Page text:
My first impression is that it’s like using a slightly heavier and larger DVX100. The camera handles pretty much the same, and most controls are in a very similar location. So if you’re a DVX user, the transition to this camera will be very straight forward, at least in terms of handling.
The images are very clean, and one would expect this given Panasonic’s use of their 100 Mbit/sec DVCPRO HD inter-frame codec rather than the 25 Mbit/sec intra-frame MPEG-2 codec used by the HDV format. It’s hard to say without a side-by-side comparison, but I suspect from what I saw that the DVCPRO HD images are cleaner than HDV images, with less compression artifacts and relatively low noise in the shadows and very clean highlights. I’ll post some video clips soon, but here are two still frames:
There was virtually no difference between the images before and after JPEG compression, but if you’re a purist, you can see the original DVCPRO HD frames as a two frame QuickTime movie (472 KB, requires DVCPRO HD codec). The camera was in the 720/24PN mode with most of the settings at their default values except I set Matrix to Cine-Like and Gamma to Cine-Like-D. I used the Marker feature (spot meter) to set the exposure so the highlights were right at 100 and also used it to make sure that important shadow areas were above dark black.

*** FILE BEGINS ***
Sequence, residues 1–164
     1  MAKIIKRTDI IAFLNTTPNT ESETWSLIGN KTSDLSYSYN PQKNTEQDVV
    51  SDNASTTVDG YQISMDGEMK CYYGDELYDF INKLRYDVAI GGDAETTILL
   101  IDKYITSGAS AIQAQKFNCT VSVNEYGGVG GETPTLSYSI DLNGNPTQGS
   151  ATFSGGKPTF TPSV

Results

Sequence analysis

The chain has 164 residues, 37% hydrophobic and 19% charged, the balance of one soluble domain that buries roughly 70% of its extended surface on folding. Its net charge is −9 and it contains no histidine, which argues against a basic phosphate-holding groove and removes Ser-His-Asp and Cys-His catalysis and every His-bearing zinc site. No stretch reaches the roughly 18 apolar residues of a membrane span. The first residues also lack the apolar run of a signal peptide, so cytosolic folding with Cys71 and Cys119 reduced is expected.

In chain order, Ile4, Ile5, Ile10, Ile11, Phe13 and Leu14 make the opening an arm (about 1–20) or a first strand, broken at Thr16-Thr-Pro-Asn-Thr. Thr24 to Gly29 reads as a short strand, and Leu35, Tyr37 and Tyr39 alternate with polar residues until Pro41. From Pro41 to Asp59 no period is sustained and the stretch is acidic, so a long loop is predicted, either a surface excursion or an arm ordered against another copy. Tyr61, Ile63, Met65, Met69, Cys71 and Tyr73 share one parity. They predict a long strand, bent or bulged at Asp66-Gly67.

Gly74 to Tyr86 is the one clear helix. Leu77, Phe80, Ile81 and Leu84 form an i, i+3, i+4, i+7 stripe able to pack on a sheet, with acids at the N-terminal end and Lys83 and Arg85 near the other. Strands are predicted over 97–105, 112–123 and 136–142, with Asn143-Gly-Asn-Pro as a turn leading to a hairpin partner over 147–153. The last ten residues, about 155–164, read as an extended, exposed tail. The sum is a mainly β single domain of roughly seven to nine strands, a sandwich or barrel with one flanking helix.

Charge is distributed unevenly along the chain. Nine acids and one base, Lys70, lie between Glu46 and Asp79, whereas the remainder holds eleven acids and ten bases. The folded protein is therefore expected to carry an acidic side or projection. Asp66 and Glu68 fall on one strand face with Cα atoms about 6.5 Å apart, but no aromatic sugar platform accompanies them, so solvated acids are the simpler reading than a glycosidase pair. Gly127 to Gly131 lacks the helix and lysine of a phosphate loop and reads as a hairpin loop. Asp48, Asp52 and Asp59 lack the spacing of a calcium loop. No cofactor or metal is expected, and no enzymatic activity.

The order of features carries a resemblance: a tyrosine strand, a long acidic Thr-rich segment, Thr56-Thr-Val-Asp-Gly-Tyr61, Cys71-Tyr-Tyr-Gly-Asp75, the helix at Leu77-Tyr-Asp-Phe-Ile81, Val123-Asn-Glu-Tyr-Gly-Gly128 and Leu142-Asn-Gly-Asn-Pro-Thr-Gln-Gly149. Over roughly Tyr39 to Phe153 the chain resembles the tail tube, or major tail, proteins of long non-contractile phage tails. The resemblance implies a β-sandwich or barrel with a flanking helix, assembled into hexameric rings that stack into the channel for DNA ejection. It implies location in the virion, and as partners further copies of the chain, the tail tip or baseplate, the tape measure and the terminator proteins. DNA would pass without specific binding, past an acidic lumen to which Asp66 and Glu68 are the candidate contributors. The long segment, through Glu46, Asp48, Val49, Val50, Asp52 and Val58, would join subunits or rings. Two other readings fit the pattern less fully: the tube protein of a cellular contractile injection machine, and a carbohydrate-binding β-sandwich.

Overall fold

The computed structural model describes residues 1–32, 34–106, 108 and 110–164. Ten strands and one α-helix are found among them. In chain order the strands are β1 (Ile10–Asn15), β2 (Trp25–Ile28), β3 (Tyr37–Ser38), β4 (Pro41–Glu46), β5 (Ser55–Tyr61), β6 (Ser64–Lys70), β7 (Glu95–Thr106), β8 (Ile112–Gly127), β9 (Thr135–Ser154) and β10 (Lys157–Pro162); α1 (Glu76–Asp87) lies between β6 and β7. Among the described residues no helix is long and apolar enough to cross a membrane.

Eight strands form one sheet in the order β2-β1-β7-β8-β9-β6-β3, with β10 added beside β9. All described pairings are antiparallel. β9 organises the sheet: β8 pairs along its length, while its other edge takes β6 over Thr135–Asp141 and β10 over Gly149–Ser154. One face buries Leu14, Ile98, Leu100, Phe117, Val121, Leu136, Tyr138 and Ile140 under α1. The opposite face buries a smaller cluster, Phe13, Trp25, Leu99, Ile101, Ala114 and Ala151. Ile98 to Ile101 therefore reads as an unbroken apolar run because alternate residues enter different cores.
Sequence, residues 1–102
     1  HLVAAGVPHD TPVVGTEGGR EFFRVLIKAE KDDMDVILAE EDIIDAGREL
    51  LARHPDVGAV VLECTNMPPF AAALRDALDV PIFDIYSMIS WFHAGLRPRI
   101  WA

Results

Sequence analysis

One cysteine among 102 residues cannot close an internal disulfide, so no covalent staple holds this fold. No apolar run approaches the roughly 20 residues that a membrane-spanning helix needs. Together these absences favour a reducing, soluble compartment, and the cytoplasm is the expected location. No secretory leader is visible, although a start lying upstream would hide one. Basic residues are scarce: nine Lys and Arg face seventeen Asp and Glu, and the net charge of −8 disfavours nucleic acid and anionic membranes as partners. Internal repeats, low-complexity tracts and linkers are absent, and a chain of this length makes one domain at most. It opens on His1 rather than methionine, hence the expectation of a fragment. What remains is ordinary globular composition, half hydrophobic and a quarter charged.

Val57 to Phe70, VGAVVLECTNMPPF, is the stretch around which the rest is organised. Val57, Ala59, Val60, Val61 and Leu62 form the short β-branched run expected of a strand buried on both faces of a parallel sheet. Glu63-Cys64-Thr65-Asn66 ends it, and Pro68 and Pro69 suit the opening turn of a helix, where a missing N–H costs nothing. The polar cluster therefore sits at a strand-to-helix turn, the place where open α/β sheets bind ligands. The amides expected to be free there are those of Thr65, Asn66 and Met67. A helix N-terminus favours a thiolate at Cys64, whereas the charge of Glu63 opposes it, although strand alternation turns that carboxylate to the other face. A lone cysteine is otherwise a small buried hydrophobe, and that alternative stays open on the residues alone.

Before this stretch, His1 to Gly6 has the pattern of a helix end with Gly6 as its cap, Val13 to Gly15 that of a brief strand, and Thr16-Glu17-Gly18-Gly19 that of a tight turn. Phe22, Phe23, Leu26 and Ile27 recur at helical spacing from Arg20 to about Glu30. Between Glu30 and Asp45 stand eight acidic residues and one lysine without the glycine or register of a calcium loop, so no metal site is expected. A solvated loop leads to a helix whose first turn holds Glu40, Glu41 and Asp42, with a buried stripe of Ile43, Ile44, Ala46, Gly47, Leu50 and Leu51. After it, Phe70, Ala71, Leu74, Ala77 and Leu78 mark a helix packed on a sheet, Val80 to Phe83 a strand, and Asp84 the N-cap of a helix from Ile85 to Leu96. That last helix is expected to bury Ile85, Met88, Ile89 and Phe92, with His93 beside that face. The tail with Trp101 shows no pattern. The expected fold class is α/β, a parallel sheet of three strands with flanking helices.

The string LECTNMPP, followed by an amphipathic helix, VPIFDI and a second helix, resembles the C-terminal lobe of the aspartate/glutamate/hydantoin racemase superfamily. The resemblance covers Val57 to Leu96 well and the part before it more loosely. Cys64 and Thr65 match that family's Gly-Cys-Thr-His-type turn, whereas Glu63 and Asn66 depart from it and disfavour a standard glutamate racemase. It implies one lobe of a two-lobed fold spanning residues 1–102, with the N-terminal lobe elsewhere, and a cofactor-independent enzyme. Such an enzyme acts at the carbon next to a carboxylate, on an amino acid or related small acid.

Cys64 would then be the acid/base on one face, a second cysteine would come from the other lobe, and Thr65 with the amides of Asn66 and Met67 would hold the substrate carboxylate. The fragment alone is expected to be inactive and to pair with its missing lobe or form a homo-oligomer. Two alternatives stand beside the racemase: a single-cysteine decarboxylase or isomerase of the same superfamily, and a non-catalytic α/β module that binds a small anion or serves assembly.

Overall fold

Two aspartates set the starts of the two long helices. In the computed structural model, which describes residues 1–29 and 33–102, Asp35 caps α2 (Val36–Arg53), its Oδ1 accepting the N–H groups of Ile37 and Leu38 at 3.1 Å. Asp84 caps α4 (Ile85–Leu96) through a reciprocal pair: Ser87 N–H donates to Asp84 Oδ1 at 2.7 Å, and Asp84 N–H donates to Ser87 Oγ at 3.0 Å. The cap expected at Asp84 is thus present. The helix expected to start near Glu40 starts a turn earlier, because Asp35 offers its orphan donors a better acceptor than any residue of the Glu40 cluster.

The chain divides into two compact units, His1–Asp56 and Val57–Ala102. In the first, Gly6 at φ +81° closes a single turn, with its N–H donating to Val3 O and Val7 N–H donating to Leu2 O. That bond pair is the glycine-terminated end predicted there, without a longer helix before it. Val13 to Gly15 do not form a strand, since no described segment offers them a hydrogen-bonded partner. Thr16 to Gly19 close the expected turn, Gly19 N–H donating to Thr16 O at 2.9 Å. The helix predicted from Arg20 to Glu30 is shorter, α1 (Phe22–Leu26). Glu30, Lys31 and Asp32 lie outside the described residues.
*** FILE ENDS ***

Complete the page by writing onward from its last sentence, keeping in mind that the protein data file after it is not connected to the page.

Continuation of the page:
The spot meter is one of the many features that sets the Panasonic DVX100 and HVX200 apart from other camcorders in the same price/performance class. While Zebras are great for telling you where your highlights are at, they are useless as a precision exposure tool, whereas the spot meter lets you know exactly where a region of the frame falls in the 0 to 100 IRE range. I guess I like this method of exposure becuase when I used to shot film I would base my exposure decisions on both incident and spot meter readings, using the spot meter to accurately previsualize where everything fell in the black to white range of the tonal scale. Why should video be a land of information depravation? I want to know if a black dress is at 10 IRE or 20 IRE and a monitor or LCD display is not to be trusted, especially in bright sunlight, but the spot meter provides accurate information upon which to base exposure decisions.